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Our queer world: true confessions.

The Church Militant deserves militant atheists, and during the Spanish Civil War statues of Christ faced anarchist firing squads. Iconoclasm of this kind is revenge therapy; it also confirms the power of icons. Even the tribes of Israel, warned by the prophets not to worship false idols, were allowed the Ark of the Covenant, on which God sat invisibly enthroned between two carved cherubim. Much of the book of Exodus consists of careful, elaborate instructions on craft and ritual, down to the "bells and pomegranates, round about the hem of the robe."

Debunking religion has become all too easy an exercise for many humanists. Every village atheist can compare Christian communion to cannibalism--which doesn't mean the comparison lacks all value. Indeed, if the comparison is now so common, that is only because it took more courage back during the Enlightenment. Yet, how many humanists now rest on laurels earned by Spinoza and Kant, Mary Wollstonecraft and Bertrand Russell? If crusading fundamentalism and blood-and-soil nationalism gain yet more force in our world, then humanists will need new courage to fight the good fight. And we'll need to make honest distinctions among religious folks, because many of them are allies in defending reason and democracy.

When I was told The Humanist planned to publish some articles on the Catholic church, I decided to make the following confession: I'm a former choir-boy who still has a qualified respect for Catholic culture in all three of its main branches--Roman, Orthodox, and Anglican-Episcopal. My own introduction to that culture came through the Episcopal church, which meant that nobody I knew took the Bible as pure gospel. When I refused communion at the age of 13, my decision was respected. Years later, I returned to the church briefly. (An honest mistake.) During the Annual AIDS Day of Prayer, I faced the congregation with my lover, a Jewish atheist, and said, "The church has no right to bury us if it won't marry us." We hardly wanted a church wedding for ourselves, but there were gay people sitting in the pews who did. (Later, we would register as domestic partners in San Francisco City Hall.)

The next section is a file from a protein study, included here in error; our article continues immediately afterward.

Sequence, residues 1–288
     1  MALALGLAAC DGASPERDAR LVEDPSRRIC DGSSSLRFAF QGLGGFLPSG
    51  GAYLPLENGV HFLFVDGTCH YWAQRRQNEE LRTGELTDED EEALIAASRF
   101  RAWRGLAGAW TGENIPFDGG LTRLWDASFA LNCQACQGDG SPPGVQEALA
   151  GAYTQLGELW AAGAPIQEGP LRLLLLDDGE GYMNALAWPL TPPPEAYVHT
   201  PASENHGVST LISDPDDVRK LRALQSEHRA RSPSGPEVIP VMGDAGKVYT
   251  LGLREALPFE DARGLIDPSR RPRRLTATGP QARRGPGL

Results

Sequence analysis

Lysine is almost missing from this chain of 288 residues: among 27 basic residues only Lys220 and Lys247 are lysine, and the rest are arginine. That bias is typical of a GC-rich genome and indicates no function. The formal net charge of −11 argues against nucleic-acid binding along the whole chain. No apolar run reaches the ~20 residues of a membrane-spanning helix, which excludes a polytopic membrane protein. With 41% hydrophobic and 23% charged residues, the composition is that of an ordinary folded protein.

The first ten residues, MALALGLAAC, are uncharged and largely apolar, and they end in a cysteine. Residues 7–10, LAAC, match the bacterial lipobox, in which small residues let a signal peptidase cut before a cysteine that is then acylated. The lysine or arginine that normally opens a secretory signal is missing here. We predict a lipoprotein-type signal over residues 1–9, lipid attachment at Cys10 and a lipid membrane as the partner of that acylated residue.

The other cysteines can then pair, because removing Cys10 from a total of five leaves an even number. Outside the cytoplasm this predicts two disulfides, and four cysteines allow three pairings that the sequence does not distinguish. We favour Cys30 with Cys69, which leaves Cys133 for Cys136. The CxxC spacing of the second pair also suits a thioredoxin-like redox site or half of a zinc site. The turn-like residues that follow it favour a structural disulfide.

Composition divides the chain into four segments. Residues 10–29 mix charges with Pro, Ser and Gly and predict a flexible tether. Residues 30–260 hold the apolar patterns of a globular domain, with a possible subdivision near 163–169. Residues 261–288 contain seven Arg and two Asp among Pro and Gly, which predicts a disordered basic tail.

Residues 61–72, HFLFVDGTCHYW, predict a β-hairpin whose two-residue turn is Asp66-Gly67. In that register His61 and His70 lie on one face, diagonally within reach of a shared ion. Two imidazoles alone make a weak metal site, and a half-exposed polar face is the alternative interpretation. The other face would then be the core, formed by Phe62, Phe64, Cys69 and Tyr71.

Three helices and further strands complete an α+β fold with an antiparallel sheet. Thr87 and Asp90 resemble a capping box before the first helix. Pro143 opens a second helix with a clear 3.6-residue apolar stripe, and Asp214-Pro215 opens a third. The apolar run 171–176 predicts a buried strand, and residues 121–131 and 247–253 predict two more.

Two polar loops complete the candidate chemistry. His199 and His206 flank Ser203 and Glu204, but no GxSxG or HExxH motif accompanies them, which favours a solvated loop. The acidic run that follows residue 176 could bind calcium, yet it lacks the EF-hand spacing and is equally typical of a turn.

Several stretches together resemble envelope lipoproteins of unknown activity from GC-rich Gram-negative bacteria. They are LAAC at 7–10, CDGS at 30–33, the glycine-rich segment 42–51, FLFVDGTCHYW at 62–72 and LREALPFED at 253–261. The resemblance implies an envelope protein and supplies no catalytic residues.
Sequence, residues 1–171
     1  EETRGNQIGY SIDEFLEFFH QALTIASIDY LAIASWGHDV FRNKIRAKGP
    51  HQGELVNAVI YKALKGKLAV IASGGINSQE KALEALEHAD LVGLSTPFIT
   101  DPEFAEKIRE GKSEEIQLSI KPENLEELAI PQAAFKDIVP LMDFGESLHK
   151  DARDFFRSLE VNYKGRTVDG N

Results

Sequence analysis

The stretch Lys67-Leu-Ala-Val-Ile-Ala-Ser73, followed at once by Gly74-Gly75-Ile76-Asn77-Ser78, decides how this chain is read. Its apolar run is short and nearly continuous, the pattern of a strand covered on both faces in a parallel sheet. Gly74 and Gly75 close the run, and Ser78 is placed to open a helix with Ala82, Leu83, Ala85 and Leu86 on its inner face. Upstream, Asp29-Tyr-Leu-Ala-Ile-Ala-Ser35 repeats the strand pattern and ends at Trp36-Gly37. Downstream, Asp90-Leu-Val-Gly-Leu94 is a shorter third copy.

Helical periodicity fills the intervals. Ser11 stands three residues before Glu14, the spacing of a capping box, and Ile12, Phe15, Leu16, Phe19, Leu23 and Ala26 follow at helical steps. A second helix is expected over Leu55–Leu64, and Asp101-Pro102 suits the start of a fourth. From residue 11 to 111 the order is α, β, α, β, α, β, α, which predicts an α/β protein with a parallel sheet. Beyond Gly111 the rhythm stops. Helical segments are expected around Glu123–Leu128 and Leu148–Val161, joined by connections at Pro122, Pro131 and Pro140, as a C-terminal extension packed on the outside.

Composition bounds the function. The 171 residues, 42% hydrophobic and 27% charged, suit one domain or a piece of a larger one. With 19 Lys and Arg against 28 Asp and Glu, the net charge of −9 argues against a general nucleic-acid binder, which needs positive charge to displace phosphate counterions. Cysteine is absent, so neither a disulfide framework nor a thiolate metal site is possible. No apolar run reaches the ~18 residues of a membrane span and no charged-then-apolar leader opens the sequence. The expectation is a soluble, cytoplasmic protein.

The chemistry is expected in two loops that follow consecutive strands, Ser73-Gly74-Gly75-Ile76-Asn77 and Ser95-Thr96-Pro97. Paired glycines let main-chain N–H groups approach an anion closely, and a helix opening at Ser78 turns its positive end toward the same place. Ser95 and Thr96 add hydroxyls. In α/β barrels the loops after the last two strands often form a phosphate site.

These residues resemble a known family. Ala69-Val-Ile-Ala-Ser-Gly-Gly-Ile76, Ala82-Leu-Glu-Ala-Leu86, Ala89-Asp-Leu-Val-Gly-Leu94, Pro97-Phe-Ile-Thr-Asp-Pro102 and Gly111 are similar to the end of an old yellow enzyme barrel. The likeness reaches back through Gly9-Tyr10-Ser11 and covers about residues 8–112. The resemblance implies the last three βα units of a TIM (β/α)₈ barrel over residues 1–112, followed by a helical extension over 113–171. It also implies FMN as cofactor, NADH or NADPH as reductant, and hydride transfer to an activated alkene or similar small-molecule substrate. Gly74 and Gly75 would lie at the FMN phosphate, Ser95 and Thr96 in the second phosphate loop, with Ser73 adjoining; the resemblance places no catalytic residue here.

In the years since I walked away from that church, I've attended only one communion service--a memorial for a fellow AIDS activist--and then only because the priest was assisted by a friend and comrade in full drag. The drag queen's name was Dominic, his persona was Madonna, so the nickname was inevitable: "Madominic." He was a sweet, swearing, bleached-blonde hell-raiser in both the local ACT UP group and in the local chapter of Dignity, a national organization of gay Roman Catholics. Last year he, too, died of AIDS, after a roller-coaster of symptoms. Even while he was serving communion to his comrades in ACT UP, we all knew we'd be attending his own memorial soon. Atheists, agnostics, humanists, Quakers --we all lined up to take the bread and wine from his hands.

Once upon a time, the church crusaded with an exclusive patent over the sacraments necessary for salvation. Outside the one true church, there were only false gods and lost souls. Much later, the church acknowledged that the mystical body of Christ might include persons who had never crossed church portals but were hidden in the heart of God. With a little translation, consider how many persons may be humanist in spirit and in daily life without ever coming close to our official circles.